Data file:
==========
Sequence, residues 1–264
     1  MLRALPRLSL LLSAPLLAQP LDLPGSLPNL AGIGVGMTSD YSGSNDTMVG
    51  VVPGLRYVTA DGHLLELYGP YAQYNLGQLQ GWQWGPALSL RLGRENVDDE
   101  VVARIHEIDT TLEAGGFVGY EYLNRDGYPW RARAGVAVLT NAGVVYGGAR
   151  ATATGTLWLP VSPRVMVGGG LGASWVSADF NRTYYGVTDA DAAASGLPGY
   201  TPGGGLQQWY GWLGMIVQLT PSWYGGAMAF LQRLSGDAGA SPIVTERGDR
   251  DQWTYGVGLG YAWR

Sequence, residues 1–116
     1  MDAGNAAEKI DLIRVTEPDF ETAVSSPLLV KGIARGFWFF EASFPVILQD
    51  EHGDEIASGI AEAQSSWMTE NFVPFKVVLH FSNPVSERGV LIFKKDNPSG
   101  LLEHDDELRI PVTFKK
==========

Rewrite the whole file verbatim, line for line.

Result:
Sequence, residues 1–264
     1  MLRALPRLSL LLSAPLLAQP LDLPGSLPNL AGIGVGMTSD YSGSNDTMVG
    51  VVPGLRYVTA DGHLLELYGP YAQYNLGQLQ GWQWGPALSL RLGRENVDDE
   101  VVARIHEIDT TLEAGGFVGY EYLNRDGYPW RARAGVAVLT NAGVVYGGAR
   151  ATATGTLWLP VSPRVMVGGG LGASWVSADF NRTYYGVTDA DAAASGLPGY
   201  TPGGGLQQWY GWLGMIVQLT PSWYGGAMAF LQRLSGDAGA SPIVTERGDR
   251  DQWTYGVGLG YAWR

Sequence, residues 1–116
     1  MDAGNAAEKI DLIRVTEPDF ETAVSSPLLV KGIARGFWFF EASFPVILQD
    51  EHGDEIASGI AEAQSSWMTE NFVPFKVVLH FSNPVSERGV LIFKKDNPSG
   101  LLEHDDELRI PVTFKK